John Remsen Jr., president and CEO of the Atlanta-based TheRemsenGroup, says the pandemic has accelerated several long-term trends affecting the profession, especially with regard to technology and adapting to remote or hybrid working – about which attorneys have differing opinions. “Some people can’t wait to get back to the office; others are happy working remotely,” he says. “It took a pandemic to figure out that we can work remotely and remain productive. Productivity has not seen the big slip we thought it would.”
The trend toward working remotely had been inching along, but firms are now paying vastly more attention to it, and it’s unclear what “getting back to normal” will mean as the pandemic eventually wanes, Remsen says. “Senior lawyers tend to like paper, and collaboration, and going to the office,” he says. “They’re pushing the firm to go back to the way it used to be. Younger lawyers want to adapt, and pivot, and resist the temptation to go back to the way it used to be. We’re seeing that tension in many firms.”
Some firms have returned to in-person work, others haven’t, and still others are hybrid, says Stephanie Everett, CEO of The Lawyerist, based in Minneapolis. “Anytime you add any component of remote to the team, it requires different thinking, different systems and ways to communicate, and ways to monitor your work,” she says. “People are also realizing that they were forced to use technology in a different way during the pandemic and are appreciating what they can continue to use moving forward. Even firms that have returned to the office are realizing that Zoom meetings are efficient.”
A feature of the pandemic that Remsen believes seem here to stay are client portals, where clients can look at documents, ask questions, and pay bills. A corollary, perhaps, is a decline in big private offices. “Firms are downsizing their real-estate footprints, generally speaking, as people work remotely,” he says. “As firms can renegotiate leases, and as leases expire, you’re looking at a shrinking footprint.”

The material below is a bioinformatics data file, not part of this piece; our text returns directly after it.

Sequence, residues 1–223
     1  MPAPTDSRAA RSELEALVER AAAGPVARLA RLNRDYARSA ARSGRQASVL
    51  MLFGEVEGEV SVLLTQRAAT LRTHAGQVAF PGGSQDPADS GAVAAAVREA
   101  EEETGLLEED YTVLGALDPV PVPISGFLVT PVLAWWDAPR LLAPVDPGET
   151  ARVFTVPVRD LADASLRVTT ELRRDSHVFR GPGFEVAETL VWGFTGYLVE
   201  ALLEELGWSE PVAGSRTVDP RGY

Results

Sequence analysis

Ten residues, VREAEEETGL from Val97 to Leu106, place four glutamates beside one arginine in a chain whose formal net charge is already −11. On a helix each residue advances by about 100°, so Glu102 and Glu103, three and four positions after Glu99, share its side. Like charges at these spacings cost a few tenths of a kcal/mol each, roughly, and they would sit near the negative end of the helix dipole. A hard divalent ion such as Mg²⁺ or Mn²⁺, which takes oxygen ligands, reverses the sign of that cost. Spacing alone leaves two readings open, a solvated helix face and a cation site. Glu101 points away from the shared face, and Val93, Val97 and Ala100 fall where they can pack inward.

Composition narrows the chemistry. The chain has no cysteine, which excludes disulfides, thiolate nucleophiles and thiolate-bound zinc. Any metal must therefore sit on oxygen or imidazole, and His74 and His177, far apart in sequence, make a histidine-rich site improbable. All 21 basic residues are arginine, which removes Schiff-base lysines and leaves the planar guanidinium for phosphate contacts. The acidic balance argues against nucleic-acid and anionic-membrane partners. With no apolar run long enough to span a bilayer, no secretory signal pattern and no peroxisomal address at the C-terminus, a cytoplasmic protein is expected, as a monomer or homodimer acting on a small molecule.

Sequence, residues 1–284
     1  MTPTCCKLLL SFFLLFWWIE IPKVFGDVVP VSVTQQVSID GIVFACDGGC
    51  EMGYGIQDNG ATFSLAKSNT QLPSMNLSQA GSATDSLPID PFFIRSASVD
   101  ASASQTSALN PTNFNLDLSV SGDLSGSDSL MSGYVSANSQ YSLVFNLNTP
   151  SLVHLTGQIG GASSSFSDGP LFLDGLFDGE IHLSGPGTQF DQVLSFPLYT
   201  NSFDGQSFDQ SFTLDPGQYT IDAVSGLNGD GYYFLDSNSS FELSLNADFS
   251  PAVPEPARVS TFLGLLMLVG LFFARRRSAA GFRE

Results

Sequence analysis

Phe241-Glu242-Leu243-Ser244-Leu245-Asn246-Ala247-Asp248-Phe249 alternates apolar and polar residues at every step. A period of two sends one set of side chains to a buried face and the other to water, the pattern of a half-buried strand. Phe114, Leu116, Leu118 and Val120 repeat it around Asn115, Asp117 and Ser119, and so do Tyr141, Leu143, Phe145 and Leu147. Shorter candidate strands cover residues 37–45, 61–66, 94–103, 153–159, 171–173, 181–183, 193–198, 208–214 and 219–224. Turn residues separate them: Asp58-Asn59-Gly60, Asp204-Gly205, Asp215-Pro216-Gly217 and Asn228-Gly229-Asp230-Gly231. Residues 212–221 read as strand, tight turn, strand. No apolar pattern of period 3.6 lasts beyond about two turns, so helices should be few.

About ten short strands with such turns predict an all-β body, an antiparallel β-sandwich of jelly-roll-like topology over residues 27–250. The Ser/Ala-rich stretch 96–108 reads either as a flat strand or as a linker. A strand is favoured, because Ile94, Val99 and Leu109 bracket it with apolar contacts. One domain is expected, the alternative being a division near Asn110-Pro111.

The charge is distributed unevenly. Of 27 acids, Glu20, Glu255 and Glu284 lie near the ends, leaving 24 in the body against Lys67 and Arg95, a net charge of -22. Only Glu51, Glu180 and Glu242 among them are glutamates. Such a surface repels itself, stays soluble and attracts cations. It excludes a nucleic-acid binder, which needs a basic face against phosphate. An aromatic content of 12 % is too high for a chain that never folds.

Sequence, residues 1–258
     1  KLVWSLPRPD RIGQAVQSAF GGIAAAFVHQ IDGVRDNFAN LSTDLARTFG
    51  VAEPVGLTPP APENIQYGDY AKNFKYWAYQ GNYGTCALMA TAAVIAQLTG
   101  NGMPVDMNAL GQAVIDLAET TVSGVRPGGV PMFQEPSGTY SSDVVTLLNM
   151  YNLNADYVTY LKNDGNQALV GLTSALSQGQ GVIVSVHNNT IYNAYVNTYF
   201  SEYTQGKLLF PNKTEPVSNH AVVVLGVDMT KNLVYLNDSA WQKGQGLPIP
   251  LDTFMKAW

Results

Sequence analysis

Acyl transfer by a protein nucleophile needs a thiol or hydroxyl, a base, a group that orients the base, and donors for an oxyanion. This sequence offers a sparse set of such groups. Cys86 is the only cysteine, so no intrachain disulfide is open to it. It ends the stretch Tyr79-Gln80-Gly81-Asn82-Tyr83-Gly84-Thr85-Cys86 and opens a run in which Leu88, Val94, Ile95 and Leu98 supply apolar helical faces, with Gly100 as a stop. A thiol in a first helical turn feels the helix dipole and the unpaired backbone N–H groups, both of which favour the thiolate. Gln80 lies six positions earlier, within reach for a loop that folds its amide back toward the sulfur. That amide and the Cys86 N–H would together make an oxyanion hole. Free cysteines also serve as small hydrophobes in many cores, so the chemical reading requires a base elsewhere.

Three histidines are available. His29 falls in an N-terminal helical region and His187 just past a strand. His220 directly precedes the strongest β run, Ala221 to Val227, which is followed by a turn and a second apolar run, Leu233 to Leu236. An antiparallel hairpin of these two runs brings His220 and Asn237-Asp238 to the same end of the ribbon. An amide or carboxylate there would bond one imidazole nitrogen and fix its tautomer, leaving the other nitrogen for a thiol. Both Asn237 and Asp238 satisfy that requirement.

Everett views the pandemic as akin to a “waiting room” that lawyers and legal employers have been waiting to get out of, for two years. “Maybe the opportunity in 2022 is we’re out of the waiting room and moving forward with our businesses in whatever way that needs to look like,” she says. “You have to have increased flexibility to adapt to the conditions. It feels like they’re changing monthly, if not weekly.”
A feature of the pandemic that seems here to stay are client portals, where clients can look at documents, ask questions, and pay bills. A corollary to that is a decline in big private offices. “Firms are downsizing their real-estate footprints, generally speaking, as people work remotely. As firms can renegotiate leases, and as leases expire, you’re looking at a shrinking footprint.”
– John Remsen Jr., president and CEO of Atlanta-based TheRemsenGroup
Hot and Not Practice Areas
Overall, the legal profession has fared well during the pandemic, although this has varied by practice area, Remsen says. “The PPP loan money certainly didn’t hurt,” he says. “So many firms are saying, ‘We had our best year ever.’ Will it sustain itself? That’s to be determined. So far, the sky has not fallen.”
Jim Leipold, executive director of the National Association for Law Placement, agrees that demand has been “super-healthy.” Overall, Wisconsin and the Midwest have less of a boom-and-bust cycle than the coasts, with salaries and deal volume not quite as high, but “a real steadiness to the legal economy,” he says. “There’s nothing unique to Wisconsin that’s different from Minnesota or other neighboring states. It’s part of a Midwest economy dominated by smaller practices, other than in Chicago.”